How the One-Armed Sister Sweeps Her House by Cherie Jones is set in the mid-1980s in the fictional Baxter’s Beach, Barbados, where luxury holiday villas skirt the paradisiacal beach and intrude on the local community that is afflicted by poverty and violence. The novel follows mainly Lala, a grieving local who suffers brutal abuse at her husband Adan’s hands; and Mira Whalen, whose husband has been murdered by Adan in their villa during a robbery gone wrong. We learn about their backgrounds and families: Lala comes from a line of women who believe they are cursed to attract evil men, and Mira, wanting “the best in life, and a bounty of it”, marries a wealthy tourist, initially to escape poverty and prostitution. There is also a memorable cast of supporting characters and some even get their own chapters.
The violence and tragedies in this novel bring forth the themes of guilt and punishment. The women in particular nurse guilt from interpreting their misfortunes as punishments administered by a god or undetermined forces. Lala’s ‘sin’ is marrying the wrong man, and Mira’s, wanting more than “enough”, which her mother insists is all a person should want out of life. Some men, namely Tone, a gigolo with a complex past, wrestle with guilt less openly. But for the most part the men in the book are pretty bad, and though they don’t come out of the story unscathed they do so much damage along the way that any ‘punishment’ that comes their way is insufficient (which is one of the reasons the world Jones constructed feels so real). Lala interprets the lack of punishment for her husband as perhaps a sign that he can’t be that bad – she marvels at him never being hurt while climbing trees with his cutlass to get coconuts for themselves or to sell: “You could assume that a man is not really a bad man… when even nature never sees fit to punish him.”
Beyond this, the central character or overarching presence in the novel is the setting. Jones paints a beautiful picture of Baxter’s Beach, with its gorgeous colours, laid-back atmosphere and activities like early-morning swimming and jet-skiing. Then we are immediately brought back to the reality of so many of the locals, who are relegated to the periphery of paradise. We see a teenager literally with his “neck over the edge of a gutter”; a local’s car “with a sheet of sheer plastic bag for a back windshield… in a manner that suggests a situation of relative permanence”; Lala’s home with a Pepsi sign stolen from a shop for a door. Unsurprisingly, some locals are shocked by what they view as extravagant displays of wealth and wastefulness. Watching a visitor at one of the villas eat an orange Lala notes that he “does not treat oranges like a luxury costing too many dollars per bag… he eats them like they are made to be devoured, without thought to where the next orange is coming from.” Even Adan uses their perceived extravagance to justify his robbings. His and Lala’s home is partly furnished with things discarded by the villas’ owners: a chair, a sink, and he posits that “anybody who would throw away things like that deserved to get things taken.”
Outsiders buy all they could want from locals: hair-braiding, housekeeping, childcare, the local cuisine, drugs, sex, entertainment. They are not necessarily ‘bad’ for that but it’s impossible to ignore that these transactions become exploitative when we look at the extreme imbalance in wealth distribution. The authorities are not blameless either: the murder of a wealthy, white English man makes the news daily and commands the best efforts of the police, while the death of a local is left for the incompetent, misogynistic Sergeant Beckles to investigate.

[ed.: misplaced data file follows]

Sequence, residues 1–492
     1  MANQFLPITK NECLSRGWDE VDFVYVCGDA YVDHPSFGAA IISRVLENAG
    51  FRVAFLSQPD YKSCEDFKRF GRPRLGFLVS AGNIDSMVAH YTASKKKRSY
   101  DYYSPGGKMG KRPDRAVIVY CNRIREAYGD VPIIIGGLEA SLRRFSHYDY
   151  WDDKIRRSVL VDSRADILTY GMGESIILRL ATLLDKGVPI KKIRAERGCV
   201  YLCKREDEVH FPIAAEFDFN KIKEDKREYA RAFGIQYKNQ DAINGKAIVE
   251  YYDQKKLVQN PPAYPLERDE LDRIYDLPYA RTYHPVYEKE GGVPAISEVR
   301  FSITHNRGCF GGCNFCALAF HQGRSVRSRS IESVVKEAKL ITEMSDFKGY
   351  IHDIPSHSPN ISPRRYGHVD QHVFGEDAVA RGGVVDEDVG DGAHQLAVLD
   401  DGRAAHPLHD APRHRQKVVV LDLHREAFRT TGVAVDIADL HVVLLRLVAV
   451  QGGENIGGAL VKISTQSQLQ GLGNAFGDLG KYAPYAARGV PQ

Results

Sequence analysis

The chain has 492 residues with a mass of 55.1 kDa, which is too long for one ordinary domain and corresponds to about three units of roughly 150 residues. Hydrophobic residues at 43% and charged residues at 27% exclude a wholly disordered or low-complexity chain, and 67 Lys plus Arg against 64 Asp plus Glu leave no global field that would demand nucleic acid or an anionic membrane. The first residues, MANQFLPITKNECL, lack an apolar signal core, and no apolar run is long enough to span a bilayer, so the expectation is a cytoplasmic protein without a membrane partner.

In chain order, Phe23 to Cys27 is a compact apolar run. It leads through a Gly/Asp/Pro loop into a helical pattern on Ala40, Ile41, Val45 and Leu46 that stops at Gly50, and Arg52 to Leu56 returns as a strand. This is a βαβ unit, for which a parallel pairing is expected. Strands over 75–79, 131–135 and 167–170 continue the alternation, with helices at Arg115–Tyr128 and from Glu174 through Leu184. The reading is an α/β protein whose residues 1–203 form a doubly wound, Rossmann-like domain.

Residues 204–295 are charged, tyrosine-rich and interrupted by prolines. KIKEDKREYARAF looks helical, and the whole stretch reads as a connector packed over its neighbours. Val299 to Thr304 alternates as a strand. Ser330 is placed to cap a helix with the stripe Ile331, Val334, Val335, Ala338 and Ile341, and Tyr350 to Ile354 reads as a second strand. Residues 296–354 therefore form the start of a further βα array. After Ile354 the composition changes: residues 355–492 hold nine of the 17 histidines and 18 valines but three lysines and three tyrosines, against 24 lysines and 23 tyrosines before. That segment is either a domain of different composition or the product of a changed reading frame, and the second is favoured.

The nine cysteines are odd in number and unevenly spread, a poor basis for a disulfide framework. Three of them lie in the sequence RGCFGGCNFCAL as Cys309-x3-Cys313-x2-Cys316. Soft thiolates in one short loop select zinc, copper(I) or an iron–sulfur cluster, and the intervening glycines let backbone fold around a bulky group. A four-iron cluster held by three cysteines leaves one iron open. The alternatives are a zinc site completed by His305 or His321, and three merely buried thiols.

Though this shouldn’t necessarily matter, I’m amazed that this is Cherie Jones’s debut novel – she is masterful at pacing, plot, character, voice, and her sentences are precise and full of detail. Jones is a talented writer; this is a very emotional story but there isn’t a lot of navel-gazing from the characters or philosophising from the omniscient narrator, which makes it all the more powerful. There is a mystery to the characters, and Jones is able to make even the shortest appearances memorable and eloquent: every small episode tells countless stories because the precise is made universal.
I have seen a lot written about how violent this novel is and, yes, it does depict violence, sexual and otherwise, sometimes in detail. Yes, it can be ‘hard to read’ but it’s never gratuitous and is often accompanied by the mental state of the attacked or attacker, which allows us to really understand how each violent act came to be and the impact that it has. This novel is not necessarily for escapism or an uplifting read. What it is is incredibly engrossing, vivid and just plain good. It’s full of compassion, and shows a side of life that may be unknown to and uncomfortable for, let’s face it, many middle-class readers to acknowledge. But ignorance is not bliss. The story is set in Barbados but there’s social inequality everywhere in the world (hello, Shuggie Bain, last year’s Booker Prize winner set in Glasgow). I hope this wins the Women’s Prize this year so that it reaches an even wider audience. Despite its complexities, How the One-Armed Sister Sweeps her House reads so smoothly it feels like you are not even reading. It has one of the best book titles I have ever seen, so pick up a copy and find out what that is all about.